Corruption is such a strong impediment to development and democracy that the African Union declared 2018 as the African Anti-Corruption Year, with the aim to spread awareness about the effects of corruption and to strengthen those combating it.
With almost half of its population currently under the age of 25, and three-quarters under the age of 35, Africa is the youngest of all continents. It is clear that challenges such as socio-economic inequalities, social exclusion and unemployment, besides being risk factors for crime and corruption, prevent youth from reaching their full potential.
To keep the dialogue open with this most important of resources, its young people, UNODC’s Regional Office for Eastern Africa, with support from the Global Programme for the Implementation of the Doha Declaration, organized last week the National Youth Workshop on Promoting Good Governance and Integrity.
With the participation of some 500 Kenyan youth, representing all segments of society, including vulnerable communities from across the country, these young voices joined important stakeholders from the office of the President of Kenya, Government ministries, parliamentarians, the judiciary, academia, and the private sector.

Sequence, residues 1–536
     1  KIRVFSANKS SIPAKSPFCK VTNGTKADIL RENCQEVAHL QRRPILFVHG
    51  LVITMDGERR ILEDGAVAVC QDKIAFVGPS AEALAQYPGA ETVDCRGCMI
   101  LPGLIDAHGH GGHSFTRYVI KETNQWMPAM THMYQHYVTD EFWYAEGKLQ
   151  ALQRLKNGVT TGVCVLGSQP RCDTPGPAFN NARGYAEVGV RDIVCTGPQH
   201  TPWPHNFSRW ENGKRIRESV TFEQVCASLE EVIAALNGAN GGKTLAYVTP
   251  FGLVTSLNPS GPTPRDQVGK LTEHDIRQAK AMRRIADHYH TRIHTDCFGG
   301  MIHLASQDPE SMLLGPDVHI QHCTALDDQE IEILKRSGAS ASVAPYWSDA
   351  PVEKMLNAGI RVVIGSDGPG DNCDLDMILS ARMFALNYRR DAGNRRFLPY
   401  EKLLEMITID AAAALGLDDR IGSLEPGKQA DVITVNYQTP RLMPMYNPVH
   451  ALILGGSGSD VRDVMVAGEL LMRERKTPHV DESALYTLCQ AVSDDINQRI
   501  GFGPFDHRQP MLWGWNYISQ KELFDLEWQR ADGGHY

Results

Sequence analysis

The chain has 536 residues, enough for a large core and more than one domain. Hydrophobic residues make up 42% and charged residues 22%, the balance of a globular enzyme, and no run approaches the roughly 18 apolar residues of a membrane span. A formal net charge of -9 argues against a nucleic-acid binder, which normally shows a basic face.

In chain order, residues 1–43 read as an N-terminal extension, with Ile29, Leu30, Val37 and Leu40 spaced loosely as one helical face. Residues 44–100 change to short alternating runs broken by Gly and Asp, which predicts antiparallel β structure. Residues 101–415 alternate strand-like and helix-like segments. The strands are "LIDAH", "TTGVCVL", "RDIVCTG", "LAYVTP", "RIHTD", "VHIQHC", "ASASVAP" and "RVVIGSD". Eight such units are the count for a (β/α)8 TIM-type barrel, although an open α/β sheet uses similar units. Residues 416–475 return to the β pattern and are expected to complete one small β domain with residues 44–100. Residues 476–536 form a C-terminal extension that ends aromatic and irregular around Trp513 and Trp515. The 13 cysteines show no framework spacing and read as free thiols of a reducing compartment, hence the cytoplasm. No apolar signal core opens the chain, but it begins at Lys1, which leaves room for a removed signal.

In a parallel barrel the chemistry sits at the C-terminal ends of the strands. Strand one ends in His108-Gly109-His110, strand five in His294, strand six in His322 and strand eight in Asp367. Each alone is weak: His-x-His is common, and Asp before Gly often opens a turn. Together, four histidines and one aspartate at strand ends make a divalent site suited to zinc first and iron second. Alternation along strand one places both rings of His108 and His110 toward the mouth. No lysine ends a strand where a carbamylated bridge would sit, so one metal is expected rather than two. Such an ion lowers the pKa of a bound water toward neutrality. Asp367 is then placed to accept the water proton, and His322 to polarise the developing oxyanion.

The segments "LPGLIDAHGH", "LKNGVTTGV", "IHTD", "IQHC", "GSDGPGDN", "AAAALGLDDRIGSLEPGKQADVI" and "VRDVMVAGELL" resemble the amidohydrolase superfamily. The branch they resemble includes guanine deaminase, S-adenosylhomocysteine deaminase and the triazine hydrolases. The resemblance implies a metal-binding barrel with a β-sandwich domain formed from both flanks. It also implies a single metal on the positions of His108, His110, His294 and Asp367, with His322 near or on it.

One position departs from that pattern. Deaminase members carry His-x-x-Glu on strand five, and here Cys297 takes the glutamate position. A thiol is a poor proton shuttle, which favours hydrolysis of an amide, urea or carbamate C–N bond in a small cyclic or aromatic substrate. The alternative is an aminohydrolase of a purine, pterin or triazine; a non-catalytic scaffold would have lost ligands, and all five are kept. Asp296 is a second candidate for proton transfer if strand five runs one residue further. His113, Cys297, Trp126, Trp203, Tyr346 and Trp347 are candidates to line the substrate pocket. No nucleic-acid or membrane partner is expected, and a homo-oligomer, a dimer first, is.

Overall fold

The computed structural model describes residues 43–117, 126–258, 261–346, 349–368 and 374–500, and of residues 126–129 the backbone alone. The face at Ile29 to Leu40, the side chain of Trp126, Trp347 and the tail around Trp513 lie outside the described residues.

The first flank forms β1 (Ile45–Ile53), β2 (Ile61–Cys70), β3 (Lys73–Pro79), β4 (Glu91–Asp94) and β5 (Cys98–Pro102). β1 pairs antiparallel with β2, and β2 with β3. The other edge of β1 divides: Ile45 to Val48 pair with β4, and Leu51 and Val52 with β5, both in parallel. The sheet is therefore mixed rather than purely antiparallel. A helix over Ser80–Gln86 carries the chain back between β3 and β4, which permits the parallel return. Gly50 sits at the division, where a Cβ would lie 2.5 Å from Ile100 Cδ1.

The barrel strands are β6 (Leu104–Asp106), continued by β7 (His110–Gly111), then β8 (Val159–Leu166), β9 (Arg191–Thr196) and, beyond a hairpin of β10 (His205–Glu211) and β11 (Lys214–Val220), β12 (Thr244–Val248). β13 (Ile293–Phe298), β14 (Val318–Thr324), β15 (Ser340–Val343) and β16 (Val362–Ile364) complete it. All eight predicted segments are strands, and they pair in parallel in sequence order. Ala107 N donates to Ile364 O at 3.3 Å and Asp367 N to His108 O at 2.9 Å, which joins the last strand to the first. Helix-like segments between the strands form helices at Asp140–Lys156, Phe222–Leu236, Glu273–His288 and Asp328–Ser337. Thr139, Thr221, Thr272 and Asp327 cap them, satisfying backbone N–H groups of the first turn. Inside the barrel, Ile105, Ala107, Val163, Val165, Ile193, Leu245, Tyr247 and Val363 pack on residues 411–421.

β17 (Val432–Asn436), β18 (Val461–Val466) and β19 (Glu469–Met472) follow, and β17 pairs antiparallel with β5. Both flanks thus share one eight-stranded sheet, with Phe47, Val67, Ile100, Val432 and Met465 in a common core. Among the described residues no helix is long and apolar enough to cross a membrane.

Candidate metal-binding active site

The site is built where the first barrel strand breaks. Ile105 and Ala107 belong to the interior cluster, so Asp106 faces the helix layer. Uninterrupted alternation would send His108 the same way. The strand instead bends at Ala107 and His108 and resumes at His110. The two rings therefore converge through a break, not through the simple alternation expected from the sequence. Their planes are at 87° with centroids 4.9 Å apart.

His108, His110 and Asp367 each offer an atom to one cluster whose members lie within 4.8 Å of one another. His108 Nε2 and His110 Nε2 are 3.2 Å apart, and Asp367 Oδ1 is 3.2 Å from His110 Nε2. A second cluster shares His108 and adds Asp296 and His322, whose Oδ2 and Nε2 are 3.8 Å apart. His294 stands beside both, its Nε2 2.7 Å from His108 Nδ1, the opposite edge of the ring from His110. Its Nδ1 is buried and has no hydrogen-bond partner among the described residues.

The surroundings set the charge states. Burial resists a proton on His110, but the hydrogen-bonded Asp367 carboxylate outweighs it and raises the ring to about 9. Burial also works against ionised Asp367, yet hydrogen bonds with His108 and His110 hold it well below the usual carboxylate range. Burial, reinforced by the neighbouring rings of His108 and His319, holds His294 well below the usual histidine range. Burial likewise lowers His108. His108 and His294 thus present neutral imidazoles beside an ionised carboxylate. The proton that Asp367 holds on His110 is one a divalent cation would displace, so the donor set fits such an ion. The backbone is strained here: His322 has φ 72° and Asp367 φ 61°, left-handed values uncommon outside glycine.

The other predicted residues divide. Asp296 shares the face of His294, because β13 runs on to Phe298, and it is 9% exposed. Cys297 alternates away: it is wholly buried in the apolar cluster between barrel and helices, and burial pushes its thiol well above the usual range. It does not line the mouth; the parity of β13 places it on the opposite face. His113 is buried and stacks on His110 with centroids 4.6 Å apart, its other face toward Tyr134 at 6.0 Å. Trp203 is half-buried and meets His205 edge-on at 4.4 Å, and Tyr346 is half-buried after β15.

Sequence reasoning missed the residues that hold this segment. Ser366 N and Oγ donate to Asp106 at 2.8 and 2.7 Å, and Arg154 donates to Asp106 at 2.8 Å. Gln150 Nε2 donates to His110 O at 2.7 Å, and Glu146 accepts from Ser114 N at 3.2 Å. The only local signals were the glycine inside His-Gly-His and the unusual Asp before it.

Describing the Government of Kenya’s aspirations on the matter and its efforts to fight corruption in line with the Kenya Vision 2030 development programme, Elizabeth Mueni Kimulu, Director of Youth and Social Affairs Director in the Office of the President, stressed the necessity of a continuous dialogue with youth – as well as the tangible impact on people’s opportunities. “Corruption costs Kenya some 300,000 jobs every year,” she informed an amazed audience.
This inter-generational dialogue tackled the role of youth and educators in countering crime and corruption.
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